The Science Journal of the American Association for Respiratory Care

2004 OPEN FORUM Abstracts


Baker RR, PhD RRT RCPT; Mishoe SC, PhD RRT FARRC; Taft AA, PhD RRT; Hall CR, MS RRT-NPS RPFT; Dennison FD, MS RRT RPFT; Reyes JJ, BS RRT-NPS; Hernlen K, MBA RRT; Lambert AM, MBA BSN. Medical College of Georgia. Augusta, Georgia.

The Challenges Faced: Professional and technical programs are being challenged to achieve superior educational outcomes with shrinking budgets and fewer faculty. When vacant positions are available, they can be difficult to fill. In many communities, the health care industry is facing similar challenges. Hospitals are struggling to meet the needs of the population it serves while dealing with unprecedented challenges associated with economic constraints, the increasing needs of an aging society, staff vacancies and greater workloads linked to compliance with HIPAA and regulatory agencies. Consequently, the environment for educating respiratory therapy students is also changing. There are fewer dollars to support faculty in the clinical setting at the same time that community resources available for teaching clinical rotations are decreased.
We developed a practice plan model that integrated faculty-led clinics into a respiratory care service department to meet current educational and clinical practice goals.

Desired Outcomes:
Educational objectives included the use of experienced clinical educators to provide training to students during developmental clinics, the maintenance of faculty clinical skills, and the development of new revenue sources to support the educational program. The goals of our clinical partner included the presence of faculty in the clinical setting to enhance the quality of clinical practice, provision of respiratory care by the faculty and students to help offset staffing shortages, and the recruitment of students with state-of-art knowledge onto the clinical staff.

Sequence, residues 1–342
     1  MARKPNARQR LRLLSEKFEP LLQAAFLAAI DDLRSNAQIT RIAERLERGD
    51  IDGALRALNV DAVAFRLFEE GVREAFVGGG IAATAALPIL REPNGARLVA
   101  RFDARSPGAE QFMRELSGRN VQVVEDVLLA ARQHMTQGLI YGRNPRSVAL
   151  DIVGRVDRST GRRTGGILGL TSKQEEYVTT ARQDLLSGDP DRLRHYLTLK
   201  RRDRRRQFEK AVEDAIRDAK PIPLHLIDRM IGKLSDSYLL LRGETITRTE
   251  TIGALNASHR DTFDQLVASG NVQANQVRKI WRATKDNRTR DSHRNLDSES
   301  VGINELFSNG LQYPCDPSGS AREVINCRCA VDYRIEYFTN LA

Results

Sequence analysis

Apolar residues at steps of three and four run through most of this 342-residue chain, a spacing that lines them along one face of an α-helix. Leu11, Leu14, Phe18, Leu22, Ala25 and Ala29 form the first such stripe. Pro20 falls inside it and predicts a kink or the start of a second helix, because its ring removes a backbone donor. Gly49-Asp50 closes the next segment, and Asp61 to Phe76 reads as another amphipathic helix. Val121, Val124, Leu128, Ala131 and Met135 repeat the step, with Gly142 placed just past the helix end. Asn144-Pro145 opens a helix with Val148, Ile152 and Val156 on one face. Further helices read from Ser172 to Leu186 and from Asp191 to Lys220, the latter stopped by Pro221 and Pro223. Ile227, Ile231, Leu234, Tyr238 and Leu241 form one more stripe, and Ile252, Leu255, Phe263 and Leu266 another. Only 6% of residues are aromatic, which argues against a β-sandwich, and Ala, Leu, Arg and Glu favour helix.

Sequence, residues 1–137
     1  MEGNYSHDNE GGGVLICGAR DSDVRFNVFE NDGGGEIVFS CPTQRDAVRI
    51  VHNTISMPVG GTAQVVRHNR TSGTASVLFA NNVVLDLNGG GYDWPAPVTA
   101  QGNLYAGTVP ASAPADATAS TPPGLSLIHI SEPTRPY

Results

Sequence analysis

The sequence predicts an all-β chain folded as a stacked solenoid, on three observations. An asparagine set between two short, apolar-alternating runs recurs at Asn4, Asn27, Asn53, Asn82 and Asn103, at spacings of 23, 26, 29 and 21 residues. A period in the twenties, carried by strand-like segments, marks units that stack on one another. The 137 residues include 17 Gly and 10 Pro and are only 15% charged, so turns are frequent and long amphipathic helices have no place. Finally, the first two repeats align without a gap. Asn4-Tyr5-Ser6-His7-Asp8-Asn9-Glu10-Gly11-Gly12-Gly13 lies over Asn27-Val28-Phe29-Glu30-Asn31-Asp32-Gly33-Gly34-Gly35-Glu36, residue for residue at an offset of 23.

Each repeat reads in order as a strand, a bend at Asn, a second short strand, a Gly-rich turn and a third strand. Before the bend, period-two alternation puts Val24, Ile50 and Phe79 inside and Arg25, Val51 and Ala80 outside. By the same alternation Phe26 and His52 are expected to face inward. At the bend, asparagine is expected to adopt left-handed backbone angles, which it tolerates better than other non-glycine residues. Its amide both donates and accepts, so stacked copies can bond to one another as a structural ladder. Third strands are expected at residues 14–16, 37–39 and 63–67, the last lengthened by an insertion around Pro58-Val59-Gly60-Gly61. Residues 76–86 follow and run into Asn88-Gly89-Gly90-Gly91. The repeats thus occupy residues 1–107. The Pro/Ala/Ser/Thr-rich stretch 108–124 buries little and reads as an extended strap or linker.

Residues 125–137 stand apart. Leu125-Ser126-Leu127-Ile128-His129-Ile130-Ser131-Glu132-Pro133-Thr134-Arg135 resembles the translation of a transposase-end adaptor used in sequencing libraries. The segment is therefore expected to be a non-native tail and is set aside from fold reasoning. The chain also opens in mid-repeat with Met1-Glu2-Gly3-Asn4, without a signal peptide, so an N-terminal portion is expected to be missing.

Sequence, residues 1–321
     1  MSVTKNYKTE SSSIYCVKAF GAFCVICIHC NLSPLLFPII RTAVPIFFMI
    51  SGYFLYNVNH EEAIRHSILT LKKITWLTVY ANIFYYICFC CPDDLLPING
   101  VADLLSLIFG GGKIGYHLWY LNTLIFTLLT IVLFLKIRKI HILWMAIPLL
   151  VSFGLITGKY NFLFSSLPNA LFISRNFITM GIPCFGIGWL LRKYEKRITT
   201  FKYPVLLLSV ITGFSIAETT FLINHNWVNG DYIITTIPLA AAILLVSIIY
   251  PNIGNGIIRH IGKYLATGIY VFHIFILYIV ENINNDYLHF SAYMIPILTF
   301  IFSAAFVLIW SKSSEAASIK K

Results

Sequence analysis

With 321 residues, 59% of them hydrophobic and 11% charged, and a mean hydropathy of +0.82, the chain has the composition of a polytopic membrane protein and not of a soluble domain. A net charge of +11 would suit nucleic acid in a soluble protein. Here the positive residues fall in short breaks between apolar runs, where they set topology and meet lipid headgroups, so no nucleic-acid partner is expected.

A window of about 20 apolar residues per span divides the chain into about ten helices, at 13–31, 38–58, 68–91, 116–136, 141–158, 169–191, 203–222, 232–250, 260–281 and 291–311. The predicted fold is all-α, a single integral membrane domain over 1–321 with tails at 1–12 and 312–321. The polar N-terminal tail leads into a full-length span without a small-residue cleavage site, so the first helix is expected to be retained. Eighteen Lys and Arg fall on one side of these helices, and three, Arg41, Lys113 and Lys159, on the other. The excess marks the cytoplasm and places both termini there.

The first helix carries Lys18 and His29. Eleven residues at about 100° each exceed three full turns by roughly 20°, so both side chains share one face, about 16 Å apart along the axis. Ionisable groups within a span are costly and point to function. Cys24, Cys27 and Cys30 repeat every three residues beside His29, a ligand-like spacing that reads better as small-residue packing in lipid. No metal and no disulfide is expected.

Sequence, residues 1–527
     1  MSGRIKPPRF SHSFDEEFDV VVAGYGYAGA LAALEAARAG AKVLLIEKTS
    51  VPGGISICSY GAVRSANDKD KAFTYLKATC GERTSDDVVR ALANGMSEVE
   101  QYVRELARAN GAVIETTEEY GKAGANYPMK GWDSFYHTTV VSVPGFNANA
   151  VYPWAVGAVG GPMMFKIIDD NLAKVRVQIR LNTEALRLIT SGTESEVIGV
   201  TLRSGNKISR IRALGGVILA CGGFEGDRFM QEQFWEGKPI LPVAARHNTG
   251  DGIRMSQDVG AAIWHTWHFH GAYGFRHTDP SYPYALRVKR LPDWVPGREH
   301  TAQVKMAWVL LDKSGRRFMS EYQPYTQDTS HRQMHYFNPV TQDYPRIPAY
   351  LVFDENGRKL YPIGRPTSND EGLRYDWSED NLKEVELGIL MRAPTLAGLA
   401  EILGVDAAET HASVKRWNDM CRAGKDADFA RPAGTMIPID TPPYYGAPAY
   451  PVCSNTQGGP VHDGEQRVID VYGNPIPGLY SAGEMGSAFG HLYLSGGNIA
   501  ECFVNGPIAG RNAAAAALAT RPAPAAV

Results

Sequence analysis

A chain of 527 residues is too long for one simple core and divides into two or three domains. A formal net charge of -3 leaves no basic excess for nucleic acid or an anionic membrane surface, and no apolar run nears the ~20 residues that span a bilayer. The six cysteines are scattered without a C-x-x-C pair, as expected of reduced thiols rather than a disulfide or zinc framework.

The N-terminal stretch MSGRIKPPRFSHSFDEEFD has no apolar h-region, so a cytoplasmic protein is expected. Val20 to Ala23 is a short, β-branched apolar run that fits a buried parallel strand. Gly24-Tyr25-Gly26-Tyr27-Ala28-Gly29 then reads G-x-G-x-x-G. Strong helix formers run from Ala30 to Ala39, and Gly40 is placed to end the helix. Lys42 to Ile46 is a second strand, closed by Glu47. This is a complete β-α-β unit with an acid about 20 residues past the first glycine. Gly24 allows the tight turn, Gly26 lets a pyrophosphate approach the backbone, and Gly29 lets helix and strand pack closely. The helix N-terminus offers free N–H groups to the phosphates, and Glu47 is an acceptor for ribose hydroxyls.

The Faculty Practice Model: In our current 2+2 baccalaureate program model, students are scheduled for 860 hours of clinical time. Forty-three percent (372 hours) of this time is in faculty-led clinics. Community affiliates provide preceptors for students scheduled in specialty clinics and a clinical externship for 168 hours and 320 hours, respectively. The faculty-led student clinics were restructured to assist with the staffing and patient care needs of our affiliate. Junior-year, basic care clinics were scheduled in two, eight-hour shifts from 6:30 am to 3:30 pm and 3:00 pm to 11:00 pm to provide “while awake”coverage for a floor assignment. The two intensive care clinics for senior students were scheduled for 12 hour shifts from 6:30 am to 7:00 pm. The maximum faculty-to-student ratios were 1:5 and 1:4 for the floor and intensive care clinics, respectively. The number and type of procedures completed and the actual faculty time in clinic were recorded and used to determine productivity in faculty-led clinics.

The restructured clinic schedule met the educational needs of the students and supported the staffing needs of the clinical site. Faculty provided 688 hours of patient care and completed 1,969 procedures with students during the 2003 to 2004 academic year. Overall faculty productivity was 89.5%. This matched the productivity benchmark for respiratory therapy clinical staff. Based upon the redesigned faculty-led clinical rotations and the productivity data, the clinical affiliate contracted to pay for the clinical and educational services provided by respiratory therapy faculty. To date the implemented practice plan appears to be achieving the goals of each partner.

Current educational and health care challenges require creative solutions. Involving academic faculty in health care delivery during clinical rotations provides educational and practice benefits to both the academic program and the clinical facility. This model for faculty practice achieved a revenue stream to the educational program, while addressing the needs for clinical education of respiratory therapy students and a solution to staffing shortages for the clinical affiliate.